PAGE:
The modern-day person can walk into a grocery or convenience store and buy products with ten ingredients they have never heard of before. In fact, there are some common ingredients that can be found in most of our everyday products whose origin and environmental impact are a mystery to the average person despite their significance. One such ingredient is palm oil.
As an odorless, colorless, semi-solid oil at room temperature that is resistant to oxidation, palm oil can be used as a natural preservative and help maintain the perfect creamy consistency in countless products ranging from ice cream and butter to lipsticks and deodorants. Its stability at high temperatures makes it an ideal ingredient for cooking, and can even be found in some types of gasoline.
On top of the useful properties mentioned above, the oil palm tree is one of the highest-yielding crops in the world, meaning it can produce high quantities of oil through minimal amounts of land. Palm seed oil has therefore become a cheap alternative to vegetable oils such as olive, grapeseed, or coconut oil. This final factor makes palm oil one of the most versatile and profitable ingredients on the market. These combined properties have made palm oil one of the world's most commonly used ingredients and can currently be found in nearly 50% of the packaged goods in stores. So, why is palm oil a problem?
Native to tropical regions and initially discovered in West Africa, the palm tree fruit is currently grown primarily in South East Asia. Unfortunately, despite the crop's ability to produce large amounts of oil with minimal land, its drastically high demand has made it one of the primary drivers of deforestation in Malaysia and Indonesia, which currently produce 85% of the world's palm oil.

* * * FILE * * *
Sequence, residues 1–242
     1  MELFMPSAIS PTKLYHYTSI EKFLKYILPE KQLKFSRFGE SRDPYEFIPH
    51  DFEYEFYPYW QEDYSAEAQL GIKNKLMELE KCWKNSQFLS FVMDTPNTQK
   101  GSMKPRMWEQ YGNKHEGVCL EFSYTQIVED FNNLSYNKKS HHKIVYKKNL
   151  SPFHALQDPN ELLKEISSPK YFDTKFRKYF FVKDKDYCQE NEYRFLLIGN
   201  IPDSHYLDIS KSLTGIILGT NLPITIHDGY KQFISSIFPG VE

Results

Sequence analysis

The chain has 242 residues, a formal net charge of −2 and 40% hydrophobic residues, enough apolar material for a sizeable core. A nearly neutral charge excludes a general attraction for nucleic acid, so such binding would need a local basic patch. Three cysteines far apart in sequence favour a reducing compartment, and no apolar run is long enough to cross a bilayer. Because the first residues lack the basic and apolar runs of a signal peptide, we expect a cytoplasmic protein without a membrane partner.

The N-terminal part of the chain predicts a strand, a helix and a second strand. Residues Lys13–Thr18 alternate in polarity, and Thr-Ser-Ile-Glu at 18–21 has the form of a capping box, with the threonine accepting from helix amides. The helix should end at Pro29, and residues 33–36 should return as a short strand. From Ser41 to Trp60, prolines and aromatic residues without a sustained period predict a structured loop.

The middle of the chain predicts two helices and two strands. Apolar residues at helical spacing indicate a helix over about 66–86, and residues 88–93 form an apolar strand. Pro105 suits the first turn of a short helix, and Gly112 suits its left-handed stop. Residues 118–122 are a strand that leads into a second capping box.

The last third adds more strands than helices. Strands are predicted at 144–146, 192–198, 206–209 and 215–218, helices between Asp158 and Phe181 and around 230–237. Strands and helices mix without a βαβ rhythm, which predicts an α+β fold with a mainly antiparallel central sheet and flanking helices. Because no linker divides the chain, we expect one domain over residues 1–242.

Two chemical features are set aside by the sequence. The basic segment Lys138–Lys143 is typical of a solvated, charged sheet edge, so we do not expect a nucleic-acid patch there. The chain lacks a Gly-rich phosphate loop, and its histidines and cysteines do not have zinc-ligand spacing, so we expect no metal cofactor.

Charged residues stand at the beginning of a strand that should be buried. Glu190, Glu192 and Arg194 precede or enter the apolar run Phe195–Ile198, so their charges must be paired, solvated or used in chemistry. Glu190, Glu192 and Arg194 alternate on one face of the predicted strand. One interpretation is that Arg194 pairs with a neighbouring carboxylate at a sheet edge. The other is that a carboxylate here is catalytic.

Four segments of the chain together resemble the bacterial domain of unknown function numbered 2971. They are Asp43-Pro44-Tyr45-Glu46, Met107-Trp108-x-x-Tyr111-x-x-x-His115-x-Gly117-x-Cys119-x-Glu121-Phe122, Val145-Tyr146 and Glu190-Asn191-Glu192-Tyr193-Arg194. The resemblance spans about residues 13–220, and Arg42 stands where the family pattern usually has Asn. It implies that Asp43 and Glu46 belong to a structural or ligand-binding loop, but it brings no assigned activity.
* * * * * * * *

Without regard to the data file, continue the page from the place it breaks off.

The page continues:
These and other tropical regions have a delicate and essential ecosystem that relies on their tropical forests. Local species like the endangered orangutan rely on the forest for food and shelter. Additionally, the Earth depends on forests and jungles to absorb carbon dioxide and solar radiation. Rainforests produce 20% of the planet's Oxygen and return 50% of its precipitation into the atmosphere through evaporation, serving as a critical regulator of rainfall around the globe.
By tearing down acres of rainforest to plant palm oil trees, exorbitant amounts of CO2 are released into the atmosphere. At the same time, the amount of Oxygen produced is being reduced, and native species' habitats are broken down to nothing. To make things more problematic, the harvesting process in palm oil-producing countries has been known to use child labor and other unethical practices. Unsustainable palm oil production does more than promote deforestation. Additionally,uprooting thousands of acres of rainforest to make room for palm oil trees over time disrupts the region's water cycle. A lack of greenery to absorb rainwater leads to excessive runoff. This drastically reduces the amount of water available to evaporate back into the atmosphere, impacting rain patterns in surrounding regions and leading to excessive runoff. Natural disasters (link natural disasters post here) like floods are then much more likely to occur.
The ingredients used to create the food, cosmetics, and anything else we use in our daily lives come from somewhere. We may not always see the raw ingredients or even know their origin, yet, their impact may be greater than you imagine. Palm oil may be one of the most revolutionary ingredients discovered and utilized in modern-day products. Yet, if it is not produced ethically and sustainably, its downsides far outweigh its benefits. Understanding its environmental, social, and cultural impacts is extremely important.
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